NPDI: Not Partaking in Disarmament Imperatives?

The NPDI states: Australia, Canada, Chile, Germany, Japan, Mexico, the Netherlands, Nigeria, the Philippines, Poland, Turkey and the United Arab Emirates, met in Hiroshima in April 2014 for their eighth Ministerial Meeting. They produced a lengthy outcome document, with twenty-nine arduously negotiated paragraphs. The outcome document builds on previous NPDI ministerial statements, but still seems to forget the national responsibilities leading towards nuclear disarmament of some of these countries.


Although the previous NPDI ministerial statement encouraged all states to participate in the Nayarit conference on humanitarian consequences of nuclear weapons, this time around NPDI members seem to be quite hesitant. While it is clear that the NPDI fought hard for compromise language to agree “it is in the interest of all nations that the nearly 69 year record of non-use of nuclear weapons be extended forever.” They appeared unable to do more than “take note” of Austria’s offer to host a third conference on the humanitarian consequences of nuclear weapons. It is encouraging, however, that a number of NPDI members have already publicly committed to attending the Vienna meeting, although whether they will present ideas for overcoming the global disarmament deadlock before, or during that session is unknown.

There are still seven NPDI members who currently rely on nuclear weapons in their security strategies. As NATO members, Canada, Germany, the Netherlands, Poland and Turkey share in the alliance agreement to keep nuclear weapons as long as nuclear weapons exist. This calls into question their stated “commitment to achieving the goal of a world free of nuclear weapons.” Especially as one of the emphatic elements of the NPDI efforts has been to call for the reduced role of nuclear weapons in security strategies, as agreed at the 2010 NPT Review Conference.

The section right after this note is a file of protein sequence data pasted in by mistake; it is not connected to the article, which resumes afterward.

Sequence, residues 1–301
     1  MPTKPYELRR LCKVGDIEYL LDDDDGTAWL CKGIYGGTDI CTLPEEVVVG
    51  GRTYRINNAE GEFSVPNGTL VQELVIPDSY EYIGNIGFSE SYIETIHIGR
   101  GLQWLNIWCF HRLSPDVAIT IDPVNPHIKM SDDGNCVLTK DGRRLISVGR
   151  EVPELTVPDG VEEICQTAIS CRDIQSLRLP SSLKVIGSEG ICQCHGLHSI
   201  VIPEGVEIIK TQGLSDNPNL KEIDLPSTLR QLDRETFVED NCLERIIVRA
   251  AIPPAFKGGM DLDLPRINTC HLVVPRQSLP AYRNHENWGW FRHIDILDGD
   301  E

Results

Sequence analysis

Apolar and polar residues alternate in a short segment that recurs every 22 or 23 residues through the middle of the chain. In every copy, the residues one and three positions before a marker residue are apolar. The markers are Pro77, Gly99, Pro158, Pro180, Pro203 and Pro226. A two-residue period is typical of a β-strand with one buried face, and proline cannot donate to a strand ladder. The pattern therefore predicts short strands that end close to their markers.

These countries should demonstrate leadership by fulfilling their 2010 NPT Action Plan commitment to reduce the role of nuclear weapons in security strategies. They could take this kind of positive step by issuing national declarations that their security arrangements do not include a nuclear retaliation option, and publicly recognise that retaliation with nuclear weapons would cause immediate casualties in the thousands (or millions) it also has the potential to cause environmental destruction leading to global famine. The NPDI members must clearly state that it is in the interest of the very survival of humanity that nuclear weapons are never used again, under any circumstances.

Germany’s report to this NPT (NPT/CONF.2015/PC.III/2) includes mention of Action 1 (not to do anything that contravenes the Treaty), yet does not note the role Germany plays as a host nation to US nuclear weapons, does not reflect the German efforts since 2010 to have those weapons removed, nor does it include any forward looking plans towards ending the questionable practice of nuclear sharing in this regard.

As the NPDI members have made the issue of reporting on the Action Plan one of their significant themes, it will be interesting to see how they assess the reports that the Nuclear Weapons States will be making at the NPT Prepcom. It will also be quite interesting to see how the nuclear armed countries report on their modernisation plans or if they simply forget to include that information. Ending the nuclear arms race, includes ending efforts to make existing nuclear arsenals more usable- and the NPDI doesn’t seem to include this in its calls for further disarmament action by the nuclear armed countries.

It is an unusual time for the NPDI overall. Now is the moment that the group may be thinking about what next, after the 2015 Review Conference. One option, is for the NPDI states to move closer to the middle ground. That middle ground has changed, and significantly. This was seen clearly during the Nayarit Conference on the Humanitarian Impact of Nuclear Weapons. During the final plenary session, the General Exchange of Views, over 70 States took the floor. Of those, only five or so raised concerns with any new approaches to address the longstanding deadlock on multilateral nuclear disarmament. The overwhelming majority called for action, and a significant percentage called for negotiations on a new legal instrument. The average response, mathematically, is to call for the start of negotiations on a new legal instrument. In doing this, the NPDI has the opportunity to participate thoroughly in the global rejection of nuclear weapons, and engage with the nuclear armed states as a the bridge builder it aspires to be.

This article also appeared in the News in Review.